"I think she needs to be told that it's ok to go," several have now lent a voice to the sentiment. Charlie and I have come close to mutual tears at our perceived role in this direction. We've never cried in front of one another. Mom's been declining quickly. I watched them apply Vaseline to her lips and swab the inside of her mouth with water yesterday afternoon. I watched her doze off in the middle of a sentence. I watched her wake up to dry heaves. She hasn't eaten anything in days.
Wednesday afternoon they ordered a CT Scan of her head, ruling out possibilities of brain tumor. It came back clean. So...apparently she's healthy as a horse? There's talk of maybe inserting a tube through her stomach, so they can flush the contents before she vomits. She no longer urinates.
People want to see her, visit with her...she doesn't want them there. She barely wants me there. She doesn't want me, or Charlie, to remember her like this. She tears up when I enter the room and turns her face the other direction for awhile. She hates it...the grief clogs the room and I claw the air for my next breath.
"Wait until I get better," she mumbles in almost-gibberish. She'll visit with all of her friends once she's better again, she promises. This isn't living. She doesn't have the strength to walk. She regurgitates ice chips. She's either in great pain or doped up on pain killers...and there doesn't seem to be a happy medium.
I have a prayer locket, compliments of Aunt Debbie, circa Christmas 2004, in honor of my mother's valiant fight against this disease. I scribbled on a scrap early this week, "Grant her peace," and tucked it inside. My prayers are on a deeper level now. I don't ask for specifics. I don't ask for favors that I'll ever see. I want a reckoning, a final judgement from the higher power. I just want it over, whatever end that may be.
I comprehend so little in all of this; I beg for wisdom.
Now, tell me, how do you invite someone to die when they're so determined to live?
Tuesday, January 17, 2006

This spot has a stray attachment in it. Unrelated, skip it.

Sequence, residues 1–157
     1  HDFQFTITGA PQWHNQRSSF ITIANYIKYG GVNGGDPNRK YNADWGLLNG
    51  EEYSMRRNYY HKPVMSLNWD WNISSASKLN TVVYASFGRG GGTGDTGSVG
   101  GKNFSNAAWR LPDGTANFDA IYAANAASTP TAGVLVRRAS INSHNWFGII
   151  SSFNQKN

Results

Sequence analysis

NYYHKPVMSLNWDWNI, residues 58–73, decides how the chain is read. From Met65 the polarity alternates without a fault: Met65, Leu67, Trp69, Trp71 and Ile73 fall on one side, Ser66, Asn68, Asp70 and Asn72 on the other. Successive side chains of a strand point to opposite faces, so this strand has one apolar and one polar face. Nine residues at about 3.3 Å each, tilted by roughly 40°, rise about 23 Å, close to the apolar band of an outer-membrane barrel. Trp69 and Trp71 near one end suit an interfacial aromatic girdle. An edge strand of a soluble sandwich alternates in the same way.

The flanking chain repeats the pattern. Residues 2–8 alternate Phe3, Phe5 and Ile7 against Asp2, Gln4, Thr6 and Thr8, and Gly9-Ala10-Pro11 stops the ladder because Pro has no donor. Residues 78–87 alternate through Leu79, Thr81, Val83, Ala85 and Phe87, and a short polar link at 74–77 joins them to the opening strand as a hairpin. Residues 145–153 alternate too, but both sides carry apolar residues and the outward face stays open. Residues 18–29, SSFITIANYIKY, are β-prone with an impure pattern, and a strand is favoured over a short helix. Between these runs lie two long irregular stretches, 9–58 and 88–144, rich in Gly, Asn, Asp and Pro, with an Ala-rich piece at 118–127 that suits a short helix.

I keep my cool most of the time. I keep the naysayers and pessimists at arm's length. Every now and then, despite my careful guard, something tears in my outer defense and I am left wilted and dangling without hope of finding steady ground again. Saturday was one of those days. The confusion is almost as thick as the strain now, and I am seeing the tower of Babel revisited. So many voices adorn the air...so few of them make sense.
Finally, at wit's end, I knelt at my Mother's side and asked for honesty. I asked her for direction, I asked her what roll she wanted me to play. "Remember the good days," she muttered. "I don't want people seeing me like this," she continued. "We're kindred spirits, Laura. This conversation is silly. You know in your heart what I want. Don't listen to other people." She drifted off to sleep, the morphine taking hold, and I stumbled downstairs to sob.
Debbie tried to halt my progress with a hug...I batted her arms away. No comfort...I can't allow myself comfort yet. I can't give into that yet. I needed to rebuild my damaged wall because I knew the battle wasn't over yet and I still needed defense. Brenda came down after several minutes and asked quietly, a respectful distance away, "Are you ok?" I get that question a lot as of late. There is no answer. I'll never be completely ok again, but I'm as peaceful with life as I can be right now. Mom told me before she drifted off that I needed to throw the covers over my head and cry like nobody was there, like nobody could hear, like nobody could worry, like nobody could fawn. I wept my sobs dry.
A few hours later, when Dad came to take Mom back to their house, he came to me with understanding eyes. We could both tell that Mom turned a corner on Saturday. I rib my father a lot. I roll my eyes nearly constantly in his presence. Often, I groan in realization that half of my gene set comes from that dorky Norwegian. But another corner has been turned in these last months. My father and I have grown close. He is one of the most decent men that I know, always has been, but I'm beginning to see more of the man these days. More of the heart, patience, and kindness. He has been my dearest friend in the last week.